By the time Shay rounded first base, the right fielder had the ball. He could have thrown the ball to the second-baseman for the tag, but he understood the pitcher's intentions and intentionally threw the ball high and far over the third-baseman's head. Shay ran toward second base as the runners ahead of him deliriously circled the bases toward home. Shay reached second base, the opposing shortstop ran to him, turned him in the direction of third base, and shouted, "Run to third!"
As Shay rounded third, the boys from both teams were screaming, "Shay, run home!" Shay ran to home, stepped on the plate, and was cheered as the hero who hit the "grand slam" and won the game for his team.
That day," said the father softly with tears now rolling down his face, "the boys from both teams helped bring a piece of true love and humanity into this world."

AND, NOW A LITTLE FOOTNOTE TO THIS STORY: We all send thousands of jokes through the e-mail without a second thought, but when it comes to sending messages about life choices, people think twice about sharing. The crude, vulgar, and often obscene pass freely through cyberspace, but public discussion about decency is too often suppressed in our schools and workplaces.

If you're thinking about forwarding this message, chances are that you're probably sorting out the people on your address list that aren't the "appropriate" ones to receive this type of message. Well, the person who sent you this believes that we all can make a difference. We all have thousands of opportunities every single day to help realize the "natural order of things." So many seemingly trivial interactions between two people present us with a choice: Do we pass along a little spark of love and humanity or do we pass up that opportunity, and leave the world a little bit colder in the process? You now have two choices: 1. Delete this. 2. Forward it to the people you care about. You already know the choice I opted for. Friends are quiet angels who lift us to our feet when our wings have trouble remembering how to fly.

Well folks you can see the choice I made. I left it in a form that can easily be copied and pasted into email form again and sent to all your contacts. Sharing this kind of thing with the most people you can only makes sense. Anything that gives me goosebumps ends up here. I am going to be real busy for at least the first few days of the opening of my new site and time to write is limited, but I will add to Journey's End daily, if not my own words then words that mirror my thoughts or lift my heart. Ain't life grand??


Monday, April 25, 2005

The Secret

Well, I have been on a secret journey for 3 months now, and today is judgment day. Countless hours and headaches went into this, but also fierce love and attention to detail. I wasn't traveling alone and I don't plan on living here alone, either. All visitors simply click on title for rerouting to our new home. The our in this new Journey's End belongs in equal measure to all who care to come inside and decorate their own space. The welcome mat is out and the light is always on. Welcome home friends.

Sunday, April 24, 2005

Facing Facts

Facts do not cease to exist because they are ignored.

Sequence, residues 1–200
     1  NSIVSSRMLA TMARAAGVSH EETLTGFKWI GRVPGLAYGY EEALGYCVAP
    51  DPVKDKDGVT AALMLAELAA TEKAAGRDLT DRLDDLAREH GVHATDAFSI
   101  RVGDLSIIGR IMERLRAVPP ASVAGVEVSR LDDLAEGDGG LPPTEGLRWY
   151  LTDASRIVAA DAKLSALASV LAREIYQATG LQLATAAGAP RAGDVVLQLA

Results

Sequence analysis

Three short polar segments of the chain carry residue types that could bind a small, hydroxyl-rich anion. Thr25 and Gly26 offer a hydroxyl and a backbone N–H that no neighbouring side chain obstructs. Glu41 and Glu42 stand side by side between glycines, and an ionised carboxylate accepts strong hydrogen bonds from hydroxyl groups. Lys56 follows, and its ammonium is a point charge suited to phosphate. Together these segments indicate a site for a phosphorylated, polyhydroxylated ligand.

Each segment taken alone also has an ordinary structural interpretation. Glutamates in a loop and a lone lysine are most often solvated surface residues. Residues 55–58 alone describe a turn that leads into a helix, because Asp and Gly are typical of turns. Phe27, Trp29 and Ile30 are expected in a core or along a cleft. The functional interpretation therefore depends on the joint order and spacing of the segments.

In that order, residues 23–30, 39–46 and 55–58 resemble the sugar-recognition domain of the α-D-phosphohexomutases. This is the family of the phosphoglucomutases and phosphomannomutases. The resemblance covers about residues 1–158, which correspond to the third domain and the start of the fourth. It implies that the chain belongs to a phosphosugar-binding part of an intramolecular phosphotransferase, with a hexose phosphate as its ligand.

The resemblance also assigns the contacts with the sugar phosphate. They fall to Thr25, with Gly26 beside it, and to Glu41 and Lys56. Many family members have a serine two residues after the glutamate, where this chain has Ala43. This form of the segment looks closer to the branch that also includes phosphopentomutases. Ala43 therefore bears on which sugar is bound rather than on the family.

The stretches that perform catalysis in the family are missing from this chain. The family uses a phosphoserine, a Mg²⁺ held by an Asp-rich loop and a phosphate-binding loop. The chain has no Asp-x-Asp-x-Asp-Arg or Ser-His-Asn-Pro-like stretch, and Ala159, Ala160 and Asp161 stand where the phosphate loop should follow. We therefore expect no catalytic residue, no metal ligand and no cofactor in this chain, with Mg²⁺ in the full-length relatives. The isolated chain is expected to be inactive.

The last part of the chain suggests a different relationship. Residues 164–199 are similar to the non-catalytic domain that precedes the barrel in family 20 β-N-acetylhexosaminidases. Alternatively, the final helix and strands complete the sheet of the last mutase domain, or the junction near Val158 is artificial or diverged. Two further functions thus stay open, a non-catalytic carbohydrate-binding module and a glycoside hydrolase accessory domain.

Aldous Huxley, "Proper Studies", 1927English critic & novelist (1894 - 1963)

They sure don't, but wouldn't it be lovely if it were that simple. Many of us act as if it were so, acting and reacting are much easier than going toe-to-toe with adverse factual information. Failure to face things only gives a bad situation the fuel and time to grow to a larger size.
I know this by heart, but sometimes my mind rebels. At times it is quite overwhelming to realize that I have to face things solo, after 30 years with a sidekick. When the pile is too large I try to reason my way through it without despairing, and most times I succeed on the first attempt. But it can be a real bitch. If ignoring would work wouldn't it be lovely.
Rebuilding a life would be much easier and remodeling myself would be instant. But since ignoring things is not a possible solution, facing issues will continue to be my way. The speed at which I travel will vary, from snail slow to lightning quick, but it will always be the fastest that I can travel forward at that moment in time.


Saturday, April 23, 2005

Eye-balling Fear

You gain strength, courage and confidence by every experience in which you really stop to look fear in the face. You are able to say to yourself, 'I have lived through this horror. I can take the next thing that comes along.' You must do the thing you think you cannot do.
Eleanor Roosevelt US diplomat & reformer (1884 - 1962)

That idea in the back of your mind could be reality, except for fear. Sometimes we fear failure, at other times success. Fright is like quicksand, holding stationary then dragging under any human who treads within its reach. We are outnumbered, there are countless things to be afraid of, but they are outclassed because facing a fear makes it instantly harmless.
In a real way the torture of fearing is much more painful than the overcoming of it. I fear, but 40 years of giving into it was more than enough. I have no time to spare now. Fear will more often spur me on than stop me. The best way to control it is to wrestle the reins out of its sticky claws and drive yourself. Fear never got me anywhere I wanted to be. I bet you can say the same.